Ask yourself this very simple set of questions. How many applications does your company have that warrant management on an availability, response time, and integrity of service basis? For how many of those applications do you have a functional Application Performance Management (APM) solution in place that actually allows you to measure and guarantee availability, response time and integrity of service?
If you are like most enterprises you might have 500 or 1000 applications that meet the above criteria, but you probably only have 25 or 50 of your most important applications under management. Why is this:
- Many enterprises have confused (with vendor help) the notion of monitoring the resources that an application uses with its performance. Users of an application do not call up and say, “the application is using too much memory and my quality of service is awful”. They call up and say, “it is slow”. Slow means response time is awful.
- If you have deployed APM tools from first generation APM vendors like CA (Wily), HP (HP Diagnostics), IBM (Tivoli ITCAM) what you have likely found is that these products are infinitely complex to install, configure and make work and that they require large amounts of vendor provided professional services in order to make them be able to monitor an application in production.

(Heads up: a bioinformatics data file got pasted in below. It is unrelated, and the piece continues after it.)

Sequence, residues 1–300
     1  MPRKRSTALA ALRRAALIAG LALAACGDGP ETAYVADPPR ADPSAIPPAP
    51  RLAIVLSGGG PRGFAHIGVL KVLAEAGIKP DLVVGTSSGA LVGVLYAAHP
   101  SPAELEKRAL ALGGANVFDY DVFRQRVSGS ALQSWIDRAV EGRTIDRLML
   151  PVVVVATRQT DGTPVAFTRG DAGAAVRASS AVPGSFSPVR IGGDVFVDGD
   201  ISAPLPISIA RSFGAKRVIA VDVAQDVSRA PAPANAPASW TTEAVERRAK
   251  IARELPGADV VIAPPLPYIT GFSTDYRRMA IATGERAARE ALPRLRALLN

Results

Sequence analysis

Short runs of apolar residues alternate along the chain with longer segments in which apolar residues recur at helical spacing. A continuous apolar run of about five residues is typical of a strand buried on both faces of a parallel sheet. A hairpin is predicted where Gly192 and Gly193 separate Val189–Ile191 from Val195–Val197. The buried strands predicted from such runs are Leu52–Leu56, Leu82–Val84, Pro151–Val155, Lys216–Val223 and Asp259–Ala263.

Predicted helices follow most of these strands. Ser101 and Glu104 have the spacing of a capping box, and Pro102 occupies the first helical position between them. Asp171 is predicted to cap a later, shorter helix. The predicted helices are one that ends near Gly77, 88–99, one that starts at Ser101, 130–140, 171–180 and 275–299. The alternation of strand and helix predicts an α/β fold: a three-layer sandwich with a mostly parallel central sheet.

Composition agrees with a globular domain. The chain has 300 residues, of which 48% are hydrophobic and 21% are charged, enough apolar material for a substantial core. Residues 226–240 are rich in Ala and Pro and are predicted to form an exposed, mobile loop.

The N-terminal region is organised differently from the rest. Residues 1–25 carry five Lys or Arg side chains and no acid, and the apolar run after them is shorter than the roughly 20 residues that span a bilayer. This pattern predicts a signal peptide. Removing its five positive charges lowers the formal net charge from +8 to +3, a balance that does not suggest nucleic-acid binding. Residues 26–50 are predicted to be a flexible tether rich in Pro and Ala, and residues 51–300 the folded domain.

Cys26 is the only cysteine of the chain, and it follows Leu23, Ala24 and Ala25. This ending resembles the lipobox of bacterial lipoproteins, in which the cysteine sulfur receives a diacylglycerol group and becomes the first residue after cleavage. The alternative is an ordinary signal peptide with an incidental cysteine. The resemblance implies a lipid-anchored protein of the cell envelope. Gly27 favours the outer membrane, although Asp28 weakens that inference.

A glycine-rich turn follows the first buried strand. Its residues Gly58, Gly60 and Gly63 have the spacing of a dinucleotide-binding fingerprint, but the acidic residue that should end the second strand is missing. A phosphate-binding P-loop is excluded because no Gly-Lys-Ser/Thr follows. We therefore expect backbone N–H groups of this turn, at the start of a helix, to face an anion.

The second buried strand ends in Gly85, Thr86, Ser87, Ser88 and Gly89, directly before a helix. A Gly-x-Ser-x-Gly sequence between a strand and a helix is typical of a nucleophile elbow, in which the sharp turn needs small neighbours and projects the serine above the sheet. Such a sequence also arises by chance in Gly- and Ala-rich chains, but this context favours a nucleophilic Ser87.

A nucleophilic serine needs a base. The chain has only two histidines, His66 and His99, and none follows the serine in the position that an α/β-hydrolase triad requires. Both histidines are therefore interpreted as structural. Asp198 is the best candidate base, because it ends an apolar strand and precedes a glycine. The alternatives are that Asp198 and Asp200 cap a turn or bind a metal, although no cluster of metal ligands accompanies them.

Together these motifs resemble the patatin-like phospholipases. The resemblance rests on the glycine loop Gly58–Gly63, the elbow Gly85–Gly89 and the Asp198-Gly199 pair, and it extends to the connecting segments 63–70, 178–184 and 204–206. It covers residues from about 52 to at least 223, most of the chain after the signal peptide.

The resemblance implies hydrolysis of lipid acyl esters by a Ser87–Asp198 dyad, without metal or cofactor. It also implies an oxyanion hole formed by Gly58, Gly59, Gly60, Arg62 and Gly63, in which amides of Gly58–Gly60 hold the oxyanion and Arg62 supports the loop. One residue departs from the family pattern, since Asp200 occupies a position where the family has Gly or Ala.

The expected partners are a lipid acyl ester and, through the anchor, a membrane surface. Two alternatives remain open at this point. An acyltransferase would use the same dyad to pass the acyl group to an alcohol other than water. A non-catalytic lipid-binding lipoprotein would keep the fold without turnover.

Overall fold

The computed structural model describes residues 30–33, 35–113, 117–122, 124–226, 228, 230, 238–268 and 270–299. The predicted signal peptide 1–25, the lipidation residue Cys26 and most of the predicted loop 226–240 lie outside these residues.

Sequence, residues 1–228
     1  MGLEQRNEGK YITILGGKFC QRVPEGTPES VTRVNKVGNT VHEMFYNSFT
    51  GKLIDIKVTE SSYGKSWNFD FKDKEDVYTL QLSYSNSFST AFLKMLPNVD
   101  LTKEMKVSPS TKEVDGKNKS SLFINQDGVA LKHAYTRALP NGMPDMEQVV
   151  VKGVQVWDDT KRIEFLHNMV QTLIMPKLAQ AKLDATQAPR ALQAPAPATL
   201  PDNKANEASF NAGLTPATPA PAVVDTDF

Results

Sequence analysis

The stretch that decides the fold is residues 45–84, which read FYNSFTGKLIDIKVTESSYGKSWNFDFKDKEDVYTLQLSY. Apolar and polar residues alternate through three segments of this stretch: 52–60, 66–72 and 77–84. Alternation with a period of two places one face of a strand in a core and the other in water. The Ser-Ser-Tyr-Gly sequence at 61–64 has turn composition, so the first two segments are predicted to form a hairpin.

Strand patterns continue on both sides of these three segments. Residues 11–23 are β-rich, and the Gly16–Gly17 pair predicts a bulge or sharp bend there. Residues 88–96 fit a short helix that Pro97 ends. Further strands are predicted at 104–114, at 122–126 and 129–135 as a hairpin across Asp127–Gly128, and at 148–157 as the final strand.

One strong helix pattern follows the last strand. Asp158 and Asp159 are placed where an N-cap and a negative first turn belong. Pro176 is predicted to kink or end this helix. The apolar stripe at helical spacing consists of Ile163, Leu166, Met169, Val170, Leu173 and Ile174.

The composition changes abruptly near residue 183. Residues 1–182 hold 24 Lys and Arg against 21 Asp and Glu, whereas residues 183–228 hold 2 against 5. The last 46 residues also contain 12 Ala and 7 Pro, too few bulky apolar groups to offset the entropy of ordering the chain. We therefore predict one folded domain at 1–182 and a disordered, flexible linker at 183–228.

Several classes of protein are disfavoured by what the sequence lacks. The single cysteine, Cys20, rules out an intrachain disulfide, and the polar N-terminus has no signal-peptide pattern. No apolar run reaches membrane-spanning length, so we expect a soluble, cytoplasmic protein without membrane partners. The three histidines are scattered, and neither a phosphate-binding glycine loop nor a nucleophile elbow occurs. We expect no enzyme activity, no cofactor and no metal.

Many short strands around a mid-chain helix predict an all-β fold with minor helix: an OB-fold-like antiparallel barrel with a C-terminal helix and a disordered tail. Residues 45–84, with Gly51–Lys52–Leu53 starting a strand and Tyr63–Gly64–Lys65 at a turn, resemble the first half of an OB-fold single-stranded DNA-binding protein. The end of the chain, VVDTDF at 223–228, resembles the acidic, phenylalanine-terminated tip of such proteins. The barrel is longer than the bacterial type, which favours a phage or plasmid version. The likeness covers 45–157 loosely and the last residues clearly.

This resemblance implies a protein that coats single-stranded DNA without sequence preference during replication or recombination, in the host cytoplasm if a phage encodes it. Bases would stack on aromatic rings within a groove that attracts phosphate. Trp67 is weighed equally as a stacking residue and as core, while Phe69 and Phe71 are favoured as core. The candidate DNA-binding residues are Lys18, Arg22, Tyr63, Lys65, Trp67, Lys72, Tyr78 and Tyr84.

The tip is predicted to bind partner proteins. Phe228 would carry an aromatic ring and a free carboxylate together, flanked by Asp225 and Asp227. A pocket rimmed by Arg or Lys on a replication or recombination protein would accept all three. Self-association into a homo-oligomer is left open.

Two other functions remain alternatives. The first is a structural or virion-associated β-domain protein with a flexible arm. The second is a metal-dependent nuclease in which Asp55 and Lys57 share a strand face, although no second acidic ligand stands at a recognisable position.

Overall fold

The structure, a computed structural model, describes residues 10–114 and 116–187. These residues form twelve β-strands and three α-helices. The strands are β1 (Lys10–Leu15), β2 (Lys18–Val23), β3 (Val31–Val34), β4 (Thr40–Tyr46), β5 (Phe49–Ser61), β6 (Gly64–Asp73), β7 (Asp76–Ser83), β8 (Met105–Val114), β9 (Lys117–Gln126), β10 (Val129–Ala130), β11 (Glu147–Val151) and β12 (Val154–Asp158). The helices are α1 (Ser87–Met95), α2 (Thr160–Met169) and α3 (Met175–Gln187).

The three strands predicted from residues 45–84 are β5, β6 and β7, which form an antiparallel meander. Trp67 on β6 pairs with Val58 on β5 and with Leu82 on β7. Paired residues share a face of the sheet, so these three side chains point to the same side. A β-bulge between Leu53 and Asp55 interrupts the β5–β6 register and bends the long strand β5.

- These products are completely out of step with how applications are deployed today. Years ago applications got deployed on a few high end Weblogic or WebSphere applications servers and you were happy to pay $20,000 per server to monitor these applications. Today applications are deployed on scaled out commodity hardware and middleware, and you are not going to pay 4X what it cost to deploy the entire applications server (hardware and software) just to monitor it.
- These products are completely out of step with how applications are developed today. Today many organizations use Agile methodologies to roll changes into production in a monthly or even weekly basis. Legacy APM products require manual actions every time that the application changes. This renders them irrelevant in rapidly changing environments.